At New York Comic-Con 2016, Donner said that the series is “far from the X-Men movies, but still lives in that universe. The only way for X-Men to keep moving forward is to be original and to surprise. And this is a surprise. It is very, very different.” Hawley explained that because the series is depicting the title character’s “subjective reality”, it would not have to address any connections to the films straight away, at first “had to stand on its own feet” before exploring those connections more; He did state that “you can’t tell this story without” acknowledging that Legion is the son of Charles Xavier, who appears in the films. (read more – s
spacetime coordinates: 1963 New York (Coney Island, Brooklyn, Walden’s Pond)
Anger 97.f004 (a,b)_001 Ruben / Bentson Film and Video Study Collection: Film in the Cities FV2012_stills_0622_014 Film Title: Scorpio Rising Filmmaker: Kenneth Anger Production date: 1963 Still made from a 16mm print
Scorpio Rising is a 1963 American experimental short film by Kenneth Anger, starring Bruce Byron as Scorpio. Themes central to the film include the occult, biker subculture and homosexuality. the film also explores the worship of rebel icons of the era, such as James Dean and Marlon Brando. Like many of Anger’s films, the film does not contain any dialogue; it instead features a prominent soundtrack consisting of 1960’s pop music. (Scorpio Rising is considered by some to be the first drama film to feature a rock & roll soundtrack.)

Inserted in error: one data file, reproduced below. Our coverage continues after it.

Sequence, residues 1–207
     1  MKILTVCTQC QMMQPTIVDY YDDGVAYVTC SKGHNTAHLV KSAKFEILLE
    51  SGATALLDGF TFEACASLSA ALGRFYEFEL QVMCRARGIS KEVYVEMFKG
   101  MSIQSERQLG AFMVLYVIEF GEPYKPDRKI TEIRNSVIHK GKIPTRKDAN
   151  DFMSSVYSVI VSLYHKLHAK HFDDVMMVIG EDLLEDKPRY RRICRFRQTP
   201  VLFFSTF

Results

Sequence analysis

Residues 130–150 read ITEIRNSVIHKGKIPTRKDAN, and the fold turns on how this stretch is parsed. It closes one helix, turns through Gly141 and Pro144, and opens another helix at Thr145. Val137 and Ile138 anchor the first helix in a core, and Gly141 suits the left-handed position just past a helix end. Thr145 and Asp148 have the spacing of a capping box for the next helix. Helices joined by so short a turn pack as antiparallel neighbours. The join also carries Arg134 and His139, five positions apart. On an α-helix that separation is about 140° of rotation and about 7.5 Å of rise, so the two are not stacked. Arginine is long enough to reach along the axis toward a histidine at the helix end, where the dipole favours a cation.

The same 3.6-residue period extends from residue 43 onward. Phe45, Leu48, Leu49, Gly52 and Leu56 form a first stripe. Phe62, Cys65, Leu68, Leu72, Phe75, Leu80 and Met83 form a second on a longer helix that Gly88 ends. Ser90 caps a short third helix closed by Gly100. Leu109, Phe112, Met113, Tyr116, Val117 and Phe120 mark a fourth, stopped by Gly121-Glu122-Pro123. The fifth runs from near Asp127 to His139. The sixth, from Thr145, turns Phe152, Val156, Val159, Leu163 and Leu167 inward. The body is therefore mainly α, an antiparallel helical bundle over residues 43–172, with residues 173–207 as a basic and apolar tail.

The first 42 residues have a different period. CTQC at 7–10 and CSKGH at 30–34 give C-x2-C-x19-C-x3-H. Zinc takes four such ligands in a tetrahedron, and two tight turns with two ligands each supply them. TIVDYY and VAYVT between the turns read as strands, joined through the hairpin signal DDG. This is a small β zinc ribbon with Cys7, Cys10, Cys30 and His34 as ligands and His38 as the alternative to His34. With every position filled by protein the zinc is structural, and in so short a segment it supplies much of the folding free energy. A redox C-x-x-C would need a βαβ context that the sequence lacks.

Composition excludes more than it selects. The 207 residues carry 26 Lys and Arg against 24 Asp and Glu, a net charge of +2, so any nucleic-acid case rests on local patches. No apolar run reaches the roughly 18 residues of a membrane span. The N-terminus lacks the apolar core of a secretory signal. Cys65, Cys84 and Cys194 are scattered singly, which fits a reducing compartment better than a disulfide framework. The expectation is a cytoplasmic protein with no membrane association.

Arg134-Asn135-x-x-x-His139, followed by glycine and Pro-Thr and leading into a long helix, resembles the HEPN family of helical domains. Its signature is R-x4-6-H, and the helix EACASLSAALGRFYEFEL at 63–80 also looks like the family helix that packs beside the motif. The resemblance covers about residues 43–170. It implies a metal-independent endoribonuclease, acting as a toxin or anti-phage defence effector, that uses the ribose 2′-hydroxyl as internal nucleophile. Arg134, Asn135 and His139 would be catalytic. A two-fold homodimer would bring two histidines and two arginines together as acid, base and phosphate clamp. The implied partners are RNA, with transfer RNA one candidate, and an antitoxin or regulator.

watch Scorpio Rising (lovely interview version) on YouTube HERE
spacetime coordinates: 60’s – 80’s England
The Theory of Everything is a 2014 British biographical romantic drama film directed by James Marsh and adapted by Anthony McCarten from the memoir Travelling to Infinity: My Life with Stephen by Jane Wilde Hawking, which deals with her relationship with her ex-husband, theoretical physicist Stephen Hawking, his diagnosis of Amyotrophic lateral sclerosis (or Motor neurone disease), and his success in physics.
In an e-mail to director James Marsh about the portrayal by Eddie Redmayne, Stephen Hawking said there were certain points when he thought he was watching himself.
spacetime coordinates: 1985 > 1968 > 1932
the town of Nebelsbad / Lutz in the former Republic of Zubrowka (the farthest eastern boundary of the Europen continent)
The Grand Budapest Hotel is an 2014 comedy film written and directed by Wes Anderson, from a story by Anderson and Hugo Guinness, inspired by the writings of Stefan Zweig. The narrative takes the form of a story within a story within a story.
spacetime coordinates: San Juan, Puerto Rico, the 1960s
The Rum Diary is a 2011 American film based on the novel of the same name by Hunter S. Thompson. The film was written and directed by Bruce Robinson and stars Johnny Depp.
Paul Kemp: [Kemp and Sala are wandering down a pier late at night, high on hallucinogens] I thought I was losing grip in there. What did we take?
Sala: I don’t know.
Paul Kemp: We need to get some more. [stops to stare at a tank full of lobsters]
Paul Kemp: [quietly] That explains it… doesn’t it?
Sala: Explains what?
Paul Kemp: The world… and us. [he stares deep into the eyes of one particular lobster]
Paul Kemp: [voiceover] I wonder what it is you might think about our different worlds. He looked at me kinda sideways and said, “Human beings are the only creatures on Earth who claim a God, and the only living thing that behaves like it hasn’t got one. Does the world belong to no one but you?” And when he said it, I was taken aback. Not because of who was doing the talking. Because I finally understood the connection between children scavenging for food, and shiny brass plates on the front doors of banks.